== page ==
The bill of materials (BOM) includes the substances or components required to generate a defined unit of finished product or a semi-processed, including their physical and chemical properties and specifications, material safety handling and storage conditions, expiration dates or other timing constraints.

The bill of equipment (BOE) joins all assets, tools, devices, pieces of equipment or installations needed to carry out a manufacturing process including setup instructions, availability status, cleaning procedure and equipment maintenance details.

Among the advantages of RMM, we highlight:

  • Product genealogy to track components and raw materials origin.
  • Accurate programming and dynamic production management based on finite capacity of assets and facilities.
  • Mass balance calculation, process performance, material waste and product defects.
  • Process, equipment, activities and incidents traceability on product serial number or manufacturing lot.


W&D – Weight and Dispense

During recipe preparation for manufacturing in regulated industries, material weight and dispense is one of the most critical operations within the process, the formulation or the conditioning lines. Some of these critical requirements are accurate identification of materials and containers, cleaning conditions, safety conditions in material and tools handling, net weight calculation based on potency or concentration of active components, environmental conditions control, record of materials consumption and security of access and data recording.

Therefore, it is essential to have:

  • Appropriate technological facilities: cleaned rooms, load handling systems, weighing systems, scales, tools, automatic labeling and identification.
  • Weighing methodology suitable to material characteristics and production typology:  by manufacturing order or by material lot.
  • Information system that allows guiding, controlling, monitoring and documenting: automated tasks, operator manual actions and also to enable the verification of critical actions and to identify and manage the exceptions occurred.


MES and ERP – Manufacturing Execution System and Enterprise Resource Planning.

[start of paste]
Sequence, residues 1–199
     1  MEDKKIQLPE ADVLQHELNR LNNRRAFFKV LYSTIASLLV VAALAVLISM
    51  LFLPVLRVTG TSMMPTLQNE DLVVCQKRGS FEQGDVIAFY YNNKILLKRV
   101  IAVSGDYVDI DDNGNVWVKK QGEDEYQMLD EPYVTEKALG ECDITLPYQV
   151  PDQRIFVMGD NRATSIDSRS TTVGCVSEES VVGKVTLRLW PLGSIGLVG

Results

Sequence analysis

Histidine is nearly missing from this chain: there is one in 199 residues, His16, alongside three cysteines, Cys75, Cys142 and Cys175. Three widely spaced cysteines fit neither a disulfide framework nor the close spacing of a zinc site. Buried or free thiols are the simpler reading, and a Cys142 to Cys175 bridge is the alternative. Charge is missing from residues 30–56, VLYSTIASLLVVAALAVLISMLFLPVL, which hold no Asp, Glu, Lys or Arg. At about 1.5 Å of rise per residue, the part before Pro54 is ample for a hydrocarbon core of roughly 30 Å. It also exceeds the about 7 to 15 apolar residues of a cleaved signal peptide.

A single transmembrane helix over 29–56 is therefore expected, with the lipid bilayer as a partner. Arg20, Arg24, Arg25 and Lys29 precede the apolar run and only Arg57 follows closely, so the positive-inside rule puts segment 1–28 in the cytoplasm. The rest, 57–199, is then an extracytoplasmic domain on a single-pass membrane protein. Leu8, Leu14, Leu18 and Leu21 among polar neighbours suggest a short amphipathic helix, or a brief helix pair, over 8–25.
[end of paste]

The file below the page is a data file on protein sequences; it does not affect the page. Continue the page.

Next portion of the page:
The integration of the Manufacturing Execution System – MES – within the ICT architecture of the company, complements the Enterprise Resource Planning – ERP – due to provide essential production information in a fully integrated environment that reduces reliance on manual entry data. It also facilitates the movement of critical information from the production area and enables decisions based on real events as they occur in the manufacturing plant.

The MES fulfills its mission through the functional integration with other enterprise systems, thus providing bidirectional synchronization of master data as real-time exchange of operational data.

Implementing MES integration, following major industry standards such as ISA -95 Part 5 or other transaction protocols between ERP and MES, the cost is reduced. Interfaces based on specific XML, languages like B2MML and service-oriented technologies (SOA) to interconnect applications, reduce the integration cost in less than half the current cost of the typical point-to-point connections and facilitate the rapid implementation of the integrated system.


MES and WMS – Warehouse Management System

Plant local logistics, raw materials storage and final products shipping should be based on a good plant layout design using 3D dynamic simulation of material flow: from reception through sampling, including warehouses, plant gathering areas, parking of containers, picking areas and final shipping.

Going along with the physical flow of material is essential a logical flow of data to locate a material in a location either inside or outside the warehouse. Thus, a logical location can specify one or more physical locations on the plant.

The general objective is a local logistics that has to be flexible and efficient enough to reduce the number of load movements avoiding bottlenecks and, at the same time, preventing materials stock breaks in production process.

The MES system defines a very precise logic model of locations and plant storage, work in process (WIP) material containers along with their status of availability, use, cleanliness and quality.

The MES system has interface capabilities to coordinate with handling automation, containers transportation and automatic identification systems. This way MES identifies, validates and traces containers and its content in relation to a production order along their route through the plant.